“I see you count self-published as unpublished, isn’t that a bit 2010”
Even if it were, I don’t particularly care. If one goes the self-published route — which is a perfectly reasonable thing to do in certain circumstances — then one resigns one’s self to the fact that one will be told “no” if one asks for a blurb from me because I find it uncomfortable to tell an author to his or her face that I didn’t like their work enough to blurb it. There are other authors who don’t have this hang-up; I’m sure; they’re better candidates to ask a blurb from.
Beyond this, the suggestion that my blurb policy suggests self-pubbed authors aren’t “real” authors is an artifact of one’s own assumptions, not mine. It’s merely a publishing route that makes it difficult to ask for blurb from me.
I don’t know anyone who buys books based on blurbs. I see them as a waste of space before I get to reading the book. It’s not like someone has ever published a book where the blurb said, “This is garbage. Don’t buy this book.” or “He tried for War and Peace and wrote Unreadable Crap”
Blurbs are definitely time-consuming to write.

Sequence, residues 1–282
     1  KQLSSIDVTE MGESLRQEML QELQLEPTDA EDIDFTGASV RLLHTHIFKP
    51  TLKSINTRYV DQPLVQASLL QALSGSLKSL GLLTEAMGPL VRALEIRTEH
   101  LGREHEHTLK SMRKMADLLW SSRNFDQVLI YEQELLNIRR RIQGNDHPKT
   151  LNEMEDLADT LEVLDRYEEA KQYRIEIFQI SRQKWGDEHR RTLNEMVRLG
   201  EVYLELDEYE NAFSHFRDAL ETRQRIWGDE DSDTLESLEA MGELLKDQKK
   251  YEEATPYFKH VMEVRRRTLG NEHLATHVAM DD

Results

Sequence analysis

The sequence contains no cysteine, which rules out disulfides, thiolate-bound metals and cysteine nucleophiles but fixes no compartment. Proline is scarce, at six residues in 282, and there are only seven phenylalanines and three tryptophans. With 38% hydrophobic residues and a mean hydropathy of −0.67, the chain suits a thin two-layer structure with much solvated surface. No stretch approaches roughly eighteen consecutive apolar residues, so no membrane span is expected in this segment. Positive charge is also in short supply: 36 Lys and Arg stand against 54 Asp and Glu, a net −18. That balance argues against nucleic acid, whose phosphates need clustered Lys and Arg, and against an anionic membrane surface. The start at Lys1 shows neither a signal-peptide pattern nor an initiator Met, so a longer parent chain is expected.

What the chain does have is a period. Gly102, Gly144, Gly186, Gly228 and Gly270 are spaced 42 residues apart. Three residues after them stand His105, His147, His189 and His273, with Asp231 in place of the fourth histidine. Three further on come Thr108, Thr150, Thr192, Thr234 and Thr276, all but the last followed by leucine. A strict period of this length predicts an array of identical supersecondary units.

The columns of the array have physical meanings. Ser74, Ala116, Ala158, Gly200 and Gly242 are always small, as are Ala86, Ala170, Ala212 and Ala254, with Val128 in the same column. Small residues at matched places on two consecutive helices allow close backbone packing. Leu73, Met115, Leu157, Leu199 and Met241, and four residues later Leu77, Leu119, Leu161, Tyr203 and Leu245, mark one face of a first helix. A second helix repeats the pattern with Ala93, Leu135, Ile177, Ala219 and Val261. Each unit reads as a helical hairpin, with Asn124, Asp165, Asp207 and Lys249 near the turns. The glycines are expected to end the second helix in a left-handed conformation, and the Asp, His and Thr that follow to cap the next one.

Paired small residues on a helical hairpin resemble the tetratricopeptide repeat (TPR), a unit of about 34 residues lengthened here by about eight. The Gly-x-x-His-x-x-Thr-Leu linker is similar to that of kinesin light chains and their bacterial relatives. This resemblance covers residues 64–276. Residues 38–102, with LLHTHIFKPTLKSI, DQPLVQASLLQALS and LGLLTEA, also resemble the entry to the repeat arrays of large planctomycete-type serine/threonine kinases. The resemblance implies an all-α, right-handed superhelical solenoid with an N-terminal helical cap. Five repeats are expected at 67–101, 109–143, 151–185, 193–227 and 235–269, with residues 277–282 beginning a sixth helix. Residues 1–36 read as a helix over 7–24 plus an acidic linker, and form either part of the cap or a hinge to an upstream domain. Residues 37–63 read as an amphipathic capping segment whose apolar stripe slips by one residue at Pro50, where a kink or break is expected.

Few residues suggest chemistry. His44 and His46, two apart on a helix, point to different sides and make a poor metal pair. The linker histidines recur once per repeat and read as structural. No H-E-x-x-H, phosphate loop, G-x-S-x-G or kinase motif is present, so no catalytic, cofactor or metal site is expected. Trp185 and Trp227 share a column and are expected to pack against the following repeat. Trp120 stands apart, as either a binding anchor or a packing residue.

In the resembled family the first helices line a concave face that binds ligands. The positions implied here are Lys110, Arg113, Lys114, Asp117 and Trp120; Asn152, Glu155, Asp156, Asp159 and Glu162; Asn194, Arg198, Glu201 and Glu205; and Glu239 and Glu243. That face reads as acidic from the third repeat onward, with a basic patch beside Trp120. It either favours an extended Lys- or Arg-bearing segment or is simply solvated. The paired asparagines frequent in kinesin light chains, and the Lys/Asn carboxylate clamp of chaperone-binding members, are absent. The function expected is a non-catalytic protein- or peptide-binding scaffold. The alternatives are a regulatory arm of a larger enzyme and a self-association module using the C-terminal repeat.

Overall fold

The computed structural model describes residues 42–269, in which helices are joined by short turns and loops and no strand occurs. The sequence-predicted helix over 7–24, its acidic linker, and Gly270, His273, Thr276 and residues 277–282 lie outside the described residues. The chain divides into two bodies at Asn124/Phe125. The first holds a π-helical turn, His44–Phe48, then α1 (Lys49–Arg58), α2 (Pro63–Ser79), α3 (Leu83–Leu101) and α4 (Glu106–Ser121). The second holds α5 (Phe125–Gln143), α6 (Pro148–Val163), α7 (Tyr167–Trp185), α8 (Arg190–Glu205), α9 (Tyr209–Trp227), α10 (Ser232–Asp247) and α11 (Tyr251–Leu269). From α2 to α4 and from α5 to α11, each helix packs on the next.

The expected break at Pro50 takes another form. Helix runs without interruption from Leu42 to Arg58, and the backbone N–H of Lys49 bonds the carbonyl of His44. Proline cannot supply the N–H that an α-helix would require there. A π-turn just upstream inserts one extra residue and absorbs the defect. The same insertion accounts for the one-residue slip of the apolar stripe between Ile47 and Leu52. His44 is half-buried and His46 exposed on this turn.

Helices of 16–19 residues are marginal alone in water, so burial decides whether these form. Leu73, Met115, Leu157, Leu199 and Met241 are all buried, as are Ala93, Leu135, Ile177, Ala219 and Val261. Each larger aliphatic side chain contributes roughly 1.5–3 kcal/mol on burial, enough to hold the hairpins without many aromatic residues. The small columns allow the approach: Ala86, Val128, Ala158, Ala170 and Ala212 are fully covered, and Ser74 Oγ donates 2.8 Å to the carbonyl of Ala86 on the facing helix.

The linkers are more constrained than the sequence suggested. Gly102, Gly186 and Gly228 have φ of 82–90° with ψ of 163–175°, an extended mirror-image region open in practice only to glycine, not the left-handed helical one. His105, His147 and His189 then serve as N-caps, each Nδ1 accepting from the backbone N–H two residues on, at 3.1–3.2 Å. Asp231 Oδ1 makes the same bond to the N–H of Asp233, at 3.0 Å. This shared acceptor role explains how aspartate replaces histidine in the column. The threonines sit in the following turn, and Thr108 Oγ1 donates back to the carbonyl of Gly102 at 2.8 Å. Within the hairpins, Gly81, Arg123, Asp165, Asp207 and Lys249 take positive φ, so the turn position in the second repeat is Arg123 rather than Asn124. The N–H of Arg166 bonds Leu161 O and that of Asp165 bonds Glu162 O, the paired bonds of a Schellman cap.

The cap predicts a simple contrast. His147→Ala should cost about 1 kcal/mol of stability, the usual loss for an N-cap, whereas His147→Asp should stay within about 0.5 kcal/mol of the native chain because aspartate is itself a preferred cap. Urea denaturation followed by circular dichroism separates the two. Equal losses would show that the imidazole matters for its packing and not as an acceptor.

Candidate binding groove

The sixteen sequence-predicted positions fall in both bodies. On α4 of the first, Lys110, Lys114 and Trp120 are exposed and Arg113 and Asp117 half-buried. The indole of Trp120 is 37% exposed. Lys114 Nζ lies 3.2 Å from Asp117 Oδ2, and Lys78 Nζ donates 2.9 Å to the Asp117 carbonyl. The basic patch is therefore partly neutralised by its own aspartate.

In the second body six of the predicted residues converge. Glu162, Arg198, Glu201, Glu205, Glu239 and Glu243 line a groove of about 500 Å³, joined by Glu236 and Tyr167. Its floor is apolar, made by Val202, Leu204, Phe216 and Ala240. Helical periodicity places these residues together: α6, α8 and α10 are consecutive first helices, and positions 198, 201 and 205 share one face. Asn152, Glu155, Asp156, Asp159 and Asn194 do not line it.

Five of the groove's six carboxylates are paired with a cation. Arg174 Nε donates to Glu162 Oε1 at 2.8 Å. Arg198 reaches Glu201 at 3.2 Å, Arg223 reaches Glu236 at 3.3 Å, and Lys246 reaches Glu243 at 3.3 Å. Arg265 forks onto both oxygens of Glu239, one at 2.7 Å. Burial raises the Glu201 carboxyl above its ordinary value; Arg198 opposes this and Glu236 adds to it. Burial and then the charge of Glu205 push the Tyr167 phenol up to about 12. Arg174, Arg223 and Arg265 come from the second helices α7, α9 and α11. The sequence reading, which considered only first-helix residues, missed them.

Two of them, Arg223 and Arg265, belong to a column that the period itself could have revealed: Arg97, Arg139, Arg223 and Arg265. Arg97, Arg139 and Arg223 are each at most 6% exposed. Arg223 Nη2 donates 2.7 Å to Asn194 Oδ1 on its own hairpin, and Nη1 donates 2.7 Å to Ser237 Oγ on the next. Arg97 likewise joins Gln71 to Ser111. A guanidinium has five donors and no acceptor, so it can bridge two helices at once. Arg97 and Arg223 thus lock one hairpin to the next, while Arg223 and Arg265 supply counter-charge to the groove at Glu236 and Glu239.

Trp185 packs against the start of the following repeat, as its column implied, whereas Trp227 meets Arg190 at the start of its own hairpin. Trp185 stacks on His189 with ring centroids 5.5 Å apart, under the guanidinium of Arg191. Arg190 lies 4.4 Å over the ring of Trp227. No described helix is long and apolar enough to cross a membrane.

@Jason: Blurbs have launched careers. Consider Stephen King’s “I have seen the future of horror, and his name is Clive Barker.” They can also serve a more general purpose of “If you liked my work then you may also like this.”
I’m writing a book about how cool a writer John Scalzi is and how he’s just an all-around awesome dude called “How cool a writer John Scalzi is and how he’s just an all-around awesome dude”. Can I get a blurb?
@jason It definitely matters who the blurb is from. There are authors I personally respect enough that their blurbs may, in fact, have an impact on my decision whether to buy a given book. Others, not so much.
People who self-publish are giving up the hassles of finding an agent, finding a publisher, and so on . . . but they’re also giving up the advantages. One of those advantages is having a disinterested agent, editor, or publisher who can say, “This is worth your time.” Yes, there are many self-published works that are fine entertainment, well worthy of a reader’s attention. There are also the rest. (This is equally true of traditionally published books, for what that’s worth.)
I think John’s policy of “I’d rather disappoint an author at one remove” is entirely reasonable.
It’s not like someone has ever published a book where the blurb said, “This is garbage. Don’t buy this book.”
Tom Lehrer was rather fond of putting his bad reviews in the liner notes of his albums and he would read them aloud to the audience in lieu of a more formal introduction at his live shows.
As far as blurbs not being a selling point, the main reason I bought “A Simple Plan” by Scott Smith was the blurb by Stephen King. Well worth it, too. Blurbs often (but not always) tip the balance for me, IF I trust the blurb author.
(which makes me think, maybe I need to start looking for the books that John HAS written blurbs for!)